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mild

[mahyld]
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adjective, mild·er, mild·est.
  1. amiably gentle or temperate in feeling or behavior toward others.
  2. characterized by or showing such gentleness, as manners or speech: a mild voice.
  3. not cold, severe, or extreme, as air or weather: mild breezes.
  4. not sharp, pungent, or strong: a mild flavor.
  5. not acute or serious, as disease: a mild case of flu.
  6. gentle or moderate in force or effect: mild penalties.
  7. soft; pleasant: mild sunshine.
  8. moderate in intensity, degree, or character: mild regret.
  9. British Dialect. comparatively soft and easily worked, as soil, wood, or stone.
  10. Obsolete. kind or gracious.
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noun
  1. British. beer that has a blander taste than bitter.
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Origin of mild

before 900; Middle English, Old English milde; cognate with German mild; akin to Greek malthakós soft
Related formsmild·ly, adverbmild·ness, nouno·ver·mild, adjectivesem·i·mild, adjectivesem·i·mild·ness, noun

Synonyms

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1. soft, pleasant. See gentle. 3. temperate, moderate, clement. 4. bland.

Antonyms

1. forceful. 3. severe. 6. harsh.
Dictionary.com Unabridged Based on the Random House Unabridged Dictionary, © Random House, Inc. 2018

Examples from the Web for mildness

Historical Examples

  • There is a coolness amid all the heat, a mildness in the blazing noon.

    The Old Manse (From "Mosses From An Old Manse")

    Nathaniel Hawthorne

  • There is no cheese superior to them in richness and mildness.

  • But if they were all mildness toward her, they were all fierceness toward one another.

    White Fang

    Jack London

  • One of the reasons for my mildness in public is that I have to be mild at home.

  • Mildness which has never been put to the proof, is often only counterfeit.

    The Autobiography of Madame Guyon

    Jeanne Marie Bouvier de La Motte Guyon


British Dictionary definitions for mildness

mild

adjective
  1. (of a taste, sensation, etc) not powerful or strong; blanda mild curry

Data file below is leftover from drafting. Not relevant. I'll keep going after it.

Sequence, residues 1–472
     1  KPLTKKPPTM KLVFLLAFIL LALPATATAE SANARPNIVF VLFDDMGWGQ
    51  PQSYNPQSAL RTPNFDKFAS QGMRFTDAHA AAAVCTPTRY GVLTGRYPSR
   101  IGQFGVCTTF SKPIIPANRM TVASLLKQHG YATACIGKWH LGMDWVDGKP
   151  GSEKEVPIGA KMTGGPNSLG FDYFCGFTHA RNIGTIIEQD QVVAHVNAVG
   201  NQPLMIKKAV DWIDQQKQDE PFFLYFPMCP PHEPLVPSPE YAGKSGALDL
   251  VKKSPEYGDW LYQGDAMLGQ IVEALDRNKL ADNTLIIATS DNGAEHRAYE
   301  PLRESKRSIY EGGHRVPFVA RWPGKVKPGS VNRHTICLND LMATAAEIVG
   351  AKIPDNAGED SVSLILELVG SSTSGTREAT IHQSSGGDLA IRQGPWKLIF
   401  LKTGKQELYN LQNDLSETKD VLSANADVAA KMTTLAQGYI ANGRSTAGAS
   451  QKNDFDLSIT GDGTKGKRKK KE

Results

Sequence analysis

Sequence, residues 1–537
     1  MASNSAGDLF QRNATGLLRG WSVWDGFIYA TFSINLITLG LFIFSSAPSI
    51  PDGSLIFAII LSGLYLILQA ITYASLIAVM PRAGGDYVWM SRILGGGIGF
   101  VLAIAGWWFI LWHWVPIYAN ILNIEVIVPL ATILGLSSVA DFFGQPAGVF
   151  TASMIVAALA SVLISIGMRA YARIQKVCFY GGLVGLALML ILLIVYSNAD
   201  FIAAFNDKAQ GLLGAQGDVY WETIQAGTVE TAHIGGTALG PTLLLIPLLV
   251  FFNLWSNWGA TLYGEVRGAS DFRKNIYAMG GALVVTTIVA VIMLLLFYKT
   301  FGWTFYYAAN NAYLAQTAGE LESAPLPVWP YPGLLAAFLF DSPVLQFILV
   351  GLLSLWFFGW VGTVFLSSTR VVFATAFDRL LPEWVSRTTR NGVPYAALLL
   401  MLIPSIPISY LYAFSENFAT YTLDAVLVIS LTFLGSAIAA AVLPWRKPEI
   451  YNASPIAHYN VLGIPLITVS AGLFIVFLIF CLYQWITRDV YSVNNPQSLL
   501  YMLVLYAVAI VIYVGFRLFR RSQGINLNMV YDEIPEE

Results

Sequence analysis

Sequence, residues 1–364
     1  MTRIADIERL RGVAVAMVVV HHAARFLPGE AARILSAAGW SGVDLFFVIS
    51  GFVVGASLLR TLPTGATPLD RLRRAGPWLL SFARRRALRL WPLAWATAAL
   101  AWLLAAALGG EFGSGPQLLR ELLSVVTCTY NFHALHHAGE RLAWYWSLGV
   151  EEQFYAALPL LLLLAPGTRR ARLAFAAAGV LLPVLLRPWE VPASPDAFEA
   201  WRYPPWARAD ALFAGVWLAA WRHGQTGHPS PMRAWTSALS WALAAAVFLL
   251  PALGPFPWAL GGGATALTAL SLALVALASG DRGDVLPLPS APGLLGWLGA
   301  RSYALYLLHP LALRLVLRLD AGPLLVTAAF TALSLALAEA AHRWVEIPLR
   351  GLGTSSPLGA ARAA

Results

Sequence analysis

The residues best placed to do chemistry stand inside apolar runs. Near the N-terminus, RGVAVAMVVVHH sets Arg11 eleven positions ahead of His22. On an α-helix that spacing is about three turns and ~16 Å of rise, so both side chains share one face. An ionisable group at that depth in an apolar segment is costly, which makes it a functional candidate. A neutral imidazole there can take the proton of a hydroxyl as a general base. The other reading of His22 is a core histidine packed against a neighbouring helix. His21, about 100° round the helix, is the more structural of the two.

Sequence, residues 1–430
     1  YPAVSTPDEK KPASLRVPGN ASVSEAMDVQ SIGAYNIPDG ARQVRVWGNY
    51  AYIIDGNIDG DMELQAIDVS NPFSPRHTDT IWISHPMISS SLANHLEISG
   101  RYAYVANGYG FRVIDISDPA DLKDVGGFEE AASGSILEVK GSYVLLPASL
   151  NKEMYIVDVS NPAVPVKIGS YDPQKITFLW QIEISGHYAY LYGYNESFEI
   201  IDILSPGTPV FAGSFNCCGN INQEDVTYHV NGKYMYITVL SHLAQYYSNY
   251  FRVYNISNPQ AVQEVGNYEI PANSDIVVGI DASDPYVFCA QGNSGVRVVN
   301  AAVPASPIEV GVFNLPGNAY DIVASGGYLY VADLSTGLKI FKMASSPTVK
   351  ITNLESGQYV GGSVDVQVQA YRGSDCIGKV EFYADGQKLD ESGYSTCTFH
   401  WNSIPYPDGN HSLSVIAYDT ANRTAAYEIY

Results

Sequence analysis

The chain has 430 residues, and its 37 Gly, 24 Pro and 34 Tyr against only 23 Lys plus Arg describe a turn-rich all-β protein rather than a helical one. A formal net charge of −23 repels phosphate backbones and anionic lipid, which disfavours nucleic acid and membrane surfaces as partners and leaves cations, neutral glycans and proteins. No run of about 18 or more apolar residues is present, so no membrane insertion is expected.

2. gentle or temperate in character, climate, behaviour, etc
  3. not extreme; moderatea mild rebuke
  4. feeble; unassertive
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noun
  1. British draught beer, of darker colour than bitter and flavoured with fewer hops
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Derived Formsmildly, adverbmildness, noun

Word Origin

Old English milde; compare Old Saxon mildi, Old Norse mildr
Collins English Dictionary - Complete & Unabridged 2012 Digital Edition © William Collins Sons & Co. Ltd. 1979, 1986 © HarperCollins Publishers 1998, 2000, 2003, 2005, 2006, 2007, 2009, 2012

Word Origin and History for mildness

n.

Old English mildnes "mildness, mercy," from mild (adj.) + -ness.

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mild

adj.

Old English milde "gentle, merciful," from Proto-Germanic *milthjaz- (cf. Old Norse mildr, Old Saxon mildi, Old Frisian milde, Middle Dutch milde, Dutch mild, Old High German milti, German milde "mild," Gothic mildiþa "kindness"), from PIE *meldh-, from root *mel- "soft," with derivatives referring to soft or softened materials (cf. Greek malthon "weakling," myle "mill;" Latin molere "to grind;" Old Irish meldach "tender;" Sanskrit mrdh "to neglect," also "to be moist"). Originally of persons and powers; of the weather from c.1400, of disease from 1744. Also in Old English as an adverb, "mercifully, graciously."

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Online Etymology Dictionary, © 2010 Douglas Harper